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Hereford and Red Angus Heifers Recruited for Genomics Research

The University of Missouri is recruiting 2,500 Hereford heifers and 2,500 Red Angus heifers to participate in a heifer puberty and fertility genomic research project. Heifers should be registered Hereford, registered Red Angus, or commercial Hereford or Red Angus. Hereford x Red Angus crossbred heifers targeted for the Premium Red Baldy Program would also be a good fit for the research project. Producers must be willing to work with a trained veterinarian to collect the following data: ReproductiveTract Scores collected at a pre-breeding exam 30 to 45 days prior to the start of the breeding season. PelvicMeasurements (height and width) collected at the same pre-breeding exam 30 to 45 days prior to the start of the breeding season. Pregnancy Determination Using Ultrasound reporting fetal age in days. Ultrasound will need to occur no later than 90 days after the start of the breeding season. In addition, heifers must have known birth dates and have weights recorded eithe

2018 ReproGene Sessions Announced

Written by Duane Dailey

Beef-cow herd owners will learn new ways to raise better calves at three University of Missouri meetings in March. The sessions lead producers from proven breeding to new uses of DNA.

MU Extension animal scientists David Patterson and Jared Decker will lead the ReproGene Meetings.

Management of fixed-time artificial insemination allows more live calves and more uniform calf crops.

New DNA tools make rapid advances in beef quality. Genomics allow breeders to predict traits of the next generation.

Traditionally, breeders use expected progeny differences (EPDs). Now, new EPDs add DNA data. Pedigrees and production testing are still used; however, genetically-enhanced EPDs give more accuracy. A simple DNA test with blood or hair samples replaces years of production testing.

With GE-EPDs, the added DNA speeds improving traits, whether for maternal or meat market ends.

Recent high premiums at packing plants signal demand for more high-quality beef. The USDA prime/choice price spread is the new guide to follow.

Consignors at fall and spring Show-Me-Select Replacement Heifer sales learn the value of maternal genetics. Heifers bred by fixed-time artificial insemination (FTAI) bring higher prices than bull-bred heifers. AI allows use of top proven sires on any farm.

Repeat buyers want more SMS heifers. With heifer breeding management, conception rates rise and death losses drop. Adding genetics improves quality.
Meeting times, places and local MU Extension livestock specialists:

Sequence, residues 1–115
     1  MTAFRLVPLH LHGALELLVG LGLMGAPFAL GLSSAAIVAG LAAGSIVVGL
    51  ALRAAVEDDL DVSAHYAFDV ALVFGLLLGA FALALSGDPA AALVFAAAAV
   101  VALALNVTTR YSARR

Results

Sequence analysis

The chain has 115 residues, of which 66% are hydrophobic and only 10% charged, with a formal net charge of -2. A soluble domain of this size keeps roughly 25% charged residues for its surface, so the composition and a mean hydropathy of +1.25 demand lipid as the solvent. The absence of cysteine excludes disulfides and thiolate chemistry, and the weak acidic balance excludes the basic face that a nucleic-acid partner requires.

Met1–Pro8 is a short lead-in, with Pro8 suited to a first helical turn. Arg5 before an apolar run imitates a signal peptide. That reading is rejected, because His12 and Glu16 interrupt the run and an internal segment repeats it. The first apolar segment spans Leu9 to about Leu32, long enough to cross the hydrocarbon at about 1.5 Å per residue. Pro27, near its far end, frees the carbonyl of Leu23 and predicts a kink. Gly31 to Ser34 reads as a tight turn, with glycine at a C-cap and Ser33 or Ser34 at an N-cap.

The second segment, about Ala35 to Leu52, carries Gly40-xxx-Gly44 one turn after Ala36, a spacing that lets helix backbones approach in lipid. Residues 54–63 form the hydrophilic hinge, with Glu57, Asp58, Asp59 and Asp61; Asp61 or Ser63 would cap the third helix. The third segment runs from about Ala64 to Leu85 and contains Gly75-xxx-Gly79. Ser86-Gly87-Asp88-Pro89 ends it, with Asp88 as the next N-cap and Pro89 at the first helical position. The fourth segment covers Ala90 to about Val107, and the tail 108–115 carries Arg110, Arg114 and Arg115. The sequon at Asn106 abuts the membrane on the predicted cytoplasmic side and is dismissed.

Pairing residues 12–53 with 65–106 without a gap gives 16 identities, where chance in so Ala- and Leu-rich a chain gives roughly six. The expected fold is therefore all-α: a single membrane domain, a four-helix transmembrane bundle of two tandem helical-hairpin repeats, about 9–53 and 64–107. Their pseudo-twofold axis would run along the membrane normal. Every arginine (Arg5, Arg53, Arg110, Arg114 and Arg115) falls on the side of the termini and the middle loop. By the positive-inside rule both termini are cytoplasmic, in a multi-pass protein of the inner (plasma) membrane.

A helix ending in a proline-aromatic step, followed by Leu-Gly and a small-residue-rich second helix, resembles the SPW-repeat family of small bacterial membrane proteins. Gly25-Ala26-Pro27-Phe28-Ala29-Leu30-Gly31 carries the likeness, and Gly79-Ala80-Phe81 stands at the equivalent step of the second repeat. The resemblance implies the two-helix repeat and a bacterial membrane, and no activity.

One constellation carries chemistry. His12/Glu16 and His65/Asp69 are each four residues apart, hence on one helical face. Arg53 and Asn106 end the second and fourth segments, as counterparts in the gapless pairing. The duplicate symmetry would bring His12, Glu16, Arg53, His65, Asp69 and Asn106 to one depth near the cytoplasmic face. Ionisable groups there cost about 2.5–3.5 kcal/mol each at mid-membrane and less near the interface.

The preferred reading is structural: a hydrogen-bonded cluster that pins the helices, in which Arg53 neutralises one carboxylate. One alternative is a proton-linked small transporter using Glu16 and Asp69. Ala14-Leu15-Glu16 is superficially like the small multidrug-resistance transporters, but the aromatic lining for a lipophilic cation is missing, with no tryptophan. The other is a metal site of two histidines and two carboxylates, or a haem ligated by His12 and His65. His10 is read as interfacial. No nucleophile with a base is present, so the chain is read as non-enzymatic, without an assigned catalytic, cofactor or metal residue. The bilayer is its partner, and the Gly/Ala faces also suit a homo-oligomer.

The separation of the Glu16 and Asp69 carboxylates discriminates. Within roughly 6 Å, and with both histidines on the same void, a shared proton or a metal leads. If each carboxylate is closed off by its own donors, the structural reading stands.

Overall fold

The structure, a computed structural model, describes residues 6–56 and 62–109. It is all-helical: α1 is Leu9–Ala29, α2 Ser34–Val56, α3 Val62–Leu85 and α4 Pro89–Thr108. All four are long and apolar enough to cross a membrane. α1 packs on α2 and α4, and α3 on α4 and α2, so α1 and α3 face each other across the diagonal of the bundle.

• Mar. 8. Joplin Regional Stockyards, Carthage. Eldon Cole, Mount Vernon, 417-466-3102.
  • Mar. 21. Mills Center, Laclede County Fairgrounds, Lebanon. Andy McCorkill, Buffalo, 417-345-7551.
  • Mar. 26. Recklein Auditorium, 202 N. Smith St., Cuba. Ted Cunningham, Salem, 573-729-3196.
The events run from 4 p.m. registration with program at 4:30 p.m. Dinner is at 6 p.m. with a farmer panel at 8:15 p.m.

Patterson, MU Extension reproduction specialist, will lead with a review of fixed-time AI for heifers and cows. He will tell of improved breeding of 2-year olds.

Jordan Thomas, MU research assistant, will tell of his work using sex-sorted semen and split-time AI. New protocols improve conceptions.

Jared Decker, MU Extension geneticist, gives basics of EPDs and genomic predictions. Then he will tell how genomics increase profits.

With Decker's help, a new class of heifers has joined the SMS heifer sales. Heifers with GE-EPDs are called Show-Me Plus. Those rank above Tier Two heifers in price premiums.

The best part will be farmer panels, Decker says. Area farmers tell how they combine use of AI and genomics.

"We have lots of experience out there with Show-Me-Select Replacement Heifers," he adds. "We extend that resource. You don't have to be a SMS member to benefit from those protocols.

Taking a DNA test at birth provides a lifetime benefit in a cow herd. DNA does not change with age. The use of genomic tests was greatly simplified with the development of indexes. A producer does not have to look at a lot of different EPDs. Now a dollar value is added to each trait and those are combined into a monetary value. All animals in a breed, or a herd, can be ranked. That makes culling decisions easier.

"A big failure would be to buy the tests and not use the data," Decker says. "There is zero gain in doing that. No profit potential."



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